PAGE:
Paper Brief Details

31-AUGUST-2018 : TOD

  • 31/08/2018


  1. Solid Waste management to reach big villages

    Image result for village Solid Waste management
  • In a bid to ensure cleanliness in rural areas, Karnataka is set to introduce solid waste management, including door-to-door collection of garbage, in a few chosen villages on a pilot basis.
  • In the absence of any SWM system, villagers generally dump garbage at dumping and manure pits. Earlier, the system would work well as almost all the things used by villagers were organic.
  • But now several non-decomposable items, particularly plastic, have entered in a big way even in rural areas. These are coming in the way of maintaining rural cleanliness.
  1. Mekedatu Project

    Image result for Mekedatu Project
    Image result for Mekedatu Project
  • The recent heavy rain and floods have resulted in Karnataka releasing 310 tmcft of Cauvery water to Tamil Nadu since the beginning of this water year (since June) as against the scheduled 82 tmcft, as the State does not have adequate storage facility.
  • This has led to the State intensifying its focus on getting the Centre’s nod to build a balancing reservoir across Cauvery at Mekedatu.
  • A balancing reservoir with a storage capacity of 67 tmcft would help in storing excess water which can be released to Tamil Nadu during dry months, in addition to taking care of drinking water requirements of several cities and towns of Karnataka.
  • He observed that Karnataka was legally bound to ensure release of water to Tamil Nadu on the basis of monthly quota.
  • There was no provision to adjust any excess releases in a month to the future months.
  • The abrupt release of huge quantum of water, which was in excess of scheduled release, was of no use even to Tamil Nadu as it would finally reach the sea. He maintained that Tamil Nadu too had begun to realise the need for building a balancing reservoir in Karnataka for ensuring scheduled water releases.
  • The proposed project that involves submergence of about 4,000 acres of forest land would come up in Kanakapura Assembly constituency, while a small parcel of land would be from the neighbouring Malavalli.
  1. Nilgiri tahr population increases

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  • In a heartening development for conservationists, a recent census has revealed that the population of the Nilgiri tahr (an endangered mountain goat) at the Mukurthi National Park has grown by an impressive 18% in the last two years, from 480 to 568.
  • If that is the good news, the bad news is that the population also faces several threats.
  • The continuing spread of invasive species of flora, such as wattle and pine, and exotic weeds like scotch broom ( Cystisus scoparius ) and gorse, which end up diminishing grazing land.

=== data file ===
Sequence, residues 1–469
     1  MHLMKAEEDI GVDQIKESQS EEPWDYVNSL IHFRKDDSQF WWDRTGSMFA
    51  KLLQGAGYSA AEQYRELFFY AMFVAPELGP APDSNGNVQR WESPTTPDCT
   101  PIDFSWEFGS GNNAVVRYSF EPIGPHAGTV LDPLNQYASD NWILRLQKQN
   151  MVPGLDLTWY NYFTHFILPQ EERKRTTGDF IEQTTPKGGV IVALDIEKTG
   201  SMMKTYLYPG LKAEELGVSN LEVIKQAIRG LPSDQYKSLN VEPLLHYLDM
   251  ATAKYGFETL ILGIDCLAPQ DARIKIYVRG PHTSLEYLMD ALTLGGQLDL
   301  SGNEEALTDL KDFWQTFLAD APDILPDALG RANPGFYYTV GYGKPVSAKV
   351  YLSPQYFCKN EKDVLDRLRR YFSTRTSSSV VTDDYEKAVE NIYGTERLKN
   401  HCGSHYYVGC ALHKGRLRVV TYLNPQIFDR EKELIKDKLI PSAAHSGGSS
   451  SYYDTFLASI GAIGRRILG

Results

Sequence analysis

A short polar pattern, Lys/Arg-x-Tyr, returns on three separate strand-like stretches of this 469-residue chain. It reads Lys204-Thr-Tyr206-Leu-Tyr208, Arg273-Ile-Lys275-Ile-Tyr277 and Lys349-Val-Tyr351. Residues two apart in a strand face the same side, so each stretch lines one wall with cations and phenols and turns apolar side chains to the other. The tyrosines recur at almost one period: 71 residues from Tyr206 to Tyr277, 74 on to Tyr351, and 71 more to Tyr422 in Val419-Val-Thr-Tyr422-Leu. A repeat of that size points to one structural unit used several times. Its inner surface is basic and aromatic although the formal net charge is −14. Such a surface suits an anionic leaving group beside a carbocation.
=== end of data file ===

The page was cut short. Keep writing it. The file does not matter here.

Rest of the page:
• The rise in the animals’ population has led to a few herds migrating out of the national park, into the erstwhile Nilgiris South Forest Division.



  1. BIMSTEC Summit in Kathmandu
  • India was committed to working with the BIMSTEC member states in the critical sector and to combating the menace of terrorism and drug trafficking.
  • The BIMSTEC is a regional grouping comprising India, Bangladesh, Myanmar, Sri Lanka, Thailand, Bhutan and Nepal. The grouping accounts for 22% of the global population, and has a combined gross domestic product of $2.8 trillion.
  • the region had become a meeting point for India’s ‘Neighbourhood First’ and ‘Act East’ policies.
  1. Uber air taxi service

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  • Uber had named Dallas and Los Angeles as its first two launch cities in the U.S. for introducing its aerial taxi service and has been on the lookout to select an international city as its third partner. It has now short-listed five countries — India, Japan, Australia, Brazil and France — and one of them will become the first Uber Air City outside of the U.S.
  • Uber hopes to start operating demonstrator flights starting 2020 and beginning commercial operations in 2023 in the three cities.
  • Indian cities like Mumbai, Delhi and Bengaluru are among the most congested cities in the world and travelling even a few kilometres can take more than an hour.
  • The Uber Elevate team will engage in talks with stakeholders across major cities in these countries, and announce the chosen Uber Air international city within the next six months.
  1. Artificial flood threatens Arunachal Pradesh : China factor

    Image result for Artificial flood threatens Arunachal Pradesh
    Image result for China dam sharing arunachal pradesh
  • High discharge of water from China, the highest in 50 years, is threatening to submerge at least 12 villages along the river Siang in Arunachal Pradesh.
  • The “unusually high” discharge indicates sudden release of water from man-made barriers or a natural dam that was formed due to landslides caused by major earthquakes in the Tibetan region of China in November 2017.
  1. SC/ST reservation :Court observations
  • Reservation is State-specific, but Delhi is a ‘miniature India’ where the “pan-India reservation rule” applies, the Supreme Court held .
  • a person belonging to a Scheduled Caste in one State cannot be deemed to be a Scheduled Caste person in relation to any other State to which he migrates for the purpose of employment or education